Drilling automation

True Rig Automation Stymied by Lack of Interoperable Drilling Tools, but Industry Study Offers a Way Forward

The SPE Drilling and Wells Interoperability Standards group proposes a dual-path strategy to overcome the technical and commercial barriers facing the advancement of drilling automation.

Working, Drill, Shale, Drilling Rig, Natural Gas, Tools
Source: Sasacvetkovic33/Getty Images/iStockphoto.

A recent industry study argues that despite 2 decades of progress, the oil and gas industry’s drive toward drilling automation is staring at a bottleneck that threatens to stifle future innovation.

Authored by professionals from the Drilling and Wells Interoperability Standards (D-WIS) work group, IADC/SPE 217748 puts the spotlight on systems interoperability—or rather, the lack of it.

The paper brings together expertise from big players such as Noble Drilling, Hess Corp., and Baker Hughes, among others. The group was formed in 2020 under the SPE Drilling Systems Automation Technical Section (DSATS) and its recommendations reflect the input of more than five dozen entities, including most of the supermajors, the big four service companies, the world’s largest drilling contractors, and several smaller technology and research groups.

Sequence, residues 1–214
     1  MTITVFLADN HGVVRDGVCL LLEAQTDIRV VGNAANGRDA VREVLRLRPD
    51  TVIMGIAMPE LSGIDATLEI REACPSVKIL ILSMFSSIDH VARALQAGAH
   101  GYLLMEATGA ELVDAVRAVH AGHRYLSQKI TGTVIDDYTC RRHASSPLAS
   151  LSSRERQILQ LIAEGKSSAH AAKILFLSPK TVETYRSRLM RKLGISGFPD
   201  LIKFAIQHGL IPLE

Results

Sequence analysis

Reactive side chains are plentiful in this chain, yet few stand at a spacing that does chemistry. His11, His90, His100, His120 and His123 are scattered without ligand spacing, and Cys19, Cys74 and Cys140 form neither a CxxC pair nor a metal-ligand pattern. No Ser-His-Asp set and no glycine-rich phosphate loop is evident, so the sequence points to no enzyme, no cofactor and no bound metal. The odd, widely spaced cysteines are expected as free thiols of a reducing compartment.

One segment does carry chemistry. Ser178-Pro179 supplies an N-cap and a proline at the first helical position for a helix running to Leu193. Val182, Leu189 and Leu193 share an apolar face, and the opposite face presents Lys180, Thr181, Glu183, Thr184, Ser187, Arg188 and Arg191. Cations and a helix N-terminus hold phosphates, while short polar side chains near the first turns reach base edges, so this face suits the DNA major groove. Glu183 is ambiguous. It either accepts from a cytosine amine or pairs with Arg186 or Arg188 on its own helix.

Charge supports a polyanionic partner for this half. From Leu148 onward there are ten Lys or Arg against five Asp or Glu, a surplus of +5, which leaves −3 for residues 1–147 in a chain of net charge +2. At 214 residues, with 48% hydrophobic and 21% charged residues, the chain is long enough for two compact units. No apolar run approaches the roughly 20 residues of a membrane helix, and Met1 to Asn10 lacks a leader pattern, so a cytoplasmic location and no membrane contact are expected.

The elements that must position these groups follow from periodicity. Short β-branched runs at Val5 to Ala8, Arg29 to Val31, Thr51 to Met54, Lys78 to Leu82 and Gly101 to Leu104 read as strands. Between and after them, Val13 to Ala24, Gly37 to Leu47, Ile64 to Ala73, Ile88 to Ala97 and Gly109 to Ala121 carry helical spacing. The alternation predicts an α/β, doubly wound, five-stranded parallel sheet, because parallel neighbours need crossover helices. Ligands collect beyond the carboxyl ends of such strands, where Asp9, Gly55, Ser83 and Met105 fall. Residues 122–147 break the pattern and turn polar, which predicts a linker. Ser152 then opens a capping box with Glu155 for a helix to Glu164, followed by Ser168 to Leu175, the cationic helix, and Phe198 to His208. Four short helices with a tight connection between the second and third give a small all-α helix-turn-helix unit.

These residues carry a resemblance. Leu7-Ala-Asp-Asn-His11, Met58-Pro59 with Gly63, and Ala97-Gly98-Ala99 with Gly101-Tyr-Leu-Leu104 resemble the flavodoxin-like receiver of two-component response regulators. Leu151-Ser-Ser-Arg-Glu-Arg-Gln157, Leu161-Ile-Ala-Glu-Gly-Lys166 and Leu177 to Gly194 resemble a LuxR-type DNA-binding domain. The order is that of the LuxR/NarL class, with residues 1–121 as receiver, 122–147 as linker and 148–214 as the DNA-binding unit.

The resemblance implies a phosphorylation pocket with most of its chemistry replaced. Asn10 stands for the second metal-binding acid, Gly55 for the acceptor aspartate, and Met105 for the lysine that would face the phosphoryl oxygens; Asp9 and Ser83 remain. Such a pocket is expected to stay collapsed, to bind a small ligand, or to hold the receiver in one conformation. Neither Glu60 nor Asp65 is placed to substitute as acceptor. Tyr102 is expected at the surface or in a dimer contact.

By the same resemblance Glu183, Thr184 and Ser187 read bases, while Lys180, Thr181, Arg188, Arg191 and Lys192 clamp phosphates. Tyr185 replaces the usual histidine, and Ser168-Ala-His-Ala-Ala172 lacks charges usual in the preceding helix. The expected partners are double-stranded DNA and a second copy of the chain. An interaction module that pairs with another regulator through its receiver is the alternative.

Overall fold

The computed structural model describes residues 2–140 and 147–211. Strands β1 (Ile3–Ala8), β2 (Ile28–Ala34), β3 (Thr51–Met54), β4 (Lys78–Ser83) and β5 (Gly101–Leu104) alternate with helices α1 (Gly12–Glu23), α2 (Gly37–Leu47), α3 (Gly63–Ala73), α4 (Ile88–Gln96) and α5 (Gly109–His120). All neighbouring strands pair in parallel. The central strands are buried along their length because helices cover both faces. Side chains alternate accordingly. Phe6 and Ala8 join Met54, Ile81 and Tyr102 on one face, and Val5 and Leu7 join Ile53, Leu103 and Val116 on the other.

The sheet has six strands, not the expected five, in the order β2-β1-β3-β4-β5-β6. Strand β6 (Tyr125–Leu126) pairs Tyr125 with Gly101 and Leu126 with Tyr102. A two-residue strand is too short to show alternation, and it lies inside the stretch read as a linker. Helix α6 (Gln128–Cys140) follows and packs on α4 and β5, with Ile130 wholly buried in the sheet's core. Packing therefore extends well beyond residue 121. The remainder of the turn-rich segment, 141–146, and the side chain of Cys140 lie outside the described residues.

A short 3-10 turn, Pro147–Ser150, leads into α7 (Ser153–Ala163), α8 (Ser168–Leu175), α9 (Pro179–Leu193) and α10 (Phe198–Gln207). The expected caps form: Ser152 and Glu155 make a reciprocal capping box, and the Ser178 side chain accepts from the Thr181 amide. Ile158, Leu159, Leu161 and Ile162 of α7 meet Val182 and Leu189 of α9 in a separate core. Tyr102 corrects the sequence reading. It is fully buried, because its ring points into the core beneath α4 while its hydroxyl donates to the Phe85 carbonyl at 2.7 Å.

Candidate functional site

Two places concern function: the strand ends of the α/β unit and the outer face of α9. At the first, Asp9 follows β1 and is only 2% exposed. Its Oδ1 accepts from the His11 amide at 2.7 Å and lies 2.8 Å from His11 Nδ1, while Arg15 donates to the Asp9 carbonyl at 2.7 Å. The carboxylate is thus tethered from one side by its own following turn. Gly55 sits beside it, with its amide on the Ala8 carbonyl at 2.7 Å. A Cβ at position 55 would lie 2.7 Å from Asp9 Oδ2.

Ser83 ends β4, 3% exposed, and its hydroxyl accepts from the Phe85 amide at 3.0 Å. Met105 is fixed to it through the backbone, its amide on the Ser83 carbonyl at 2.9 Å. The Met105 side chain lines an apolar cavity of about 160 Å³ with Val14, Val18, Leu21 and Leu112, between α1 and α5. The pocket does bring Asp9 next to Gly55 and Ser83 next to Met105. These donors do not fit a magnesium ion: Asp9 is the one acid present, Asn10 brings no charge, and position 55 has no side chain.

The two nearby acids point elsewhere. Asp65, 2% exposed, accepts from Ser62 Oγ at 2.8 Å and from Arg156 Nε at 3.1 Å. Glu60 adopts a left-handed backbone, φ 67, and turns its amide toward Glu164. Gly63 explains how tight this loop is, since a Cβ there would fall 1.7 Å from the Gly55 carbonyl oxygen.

D-WIS points out that the automation tech we’ve seen hit the market so far has been limited to distinct components and segments of the well-construction process. Notable advancements include automation offerings for pipe handling, rotary steerable systems, and rate of penetration.

Such innovations have taken people out of harm’s way, lowered drilling costs, and helped make better wellbores. However, they are standalone, isolated applications that generally do not interact with each other unless they are owned by the same company.

According to the new D-WIS study, reaching the next level of drilling efficiency through a truly automated system requires data to be shared seamlessly between different rig technologies regardless of the manufacturer.

The workgroup’s authors assert that not only have the low-hanging fruits been largely picked when it comes to making major gains in well construction but that “the current siloed approach has begun to reach its limits and is consuming capital and resources.”

Reasons why interoperability on the rig doesn’t already exist range from concerns over the exposure of proprietary information to third parties, to a lack of incentives for equipment makers and service providers to oblige.

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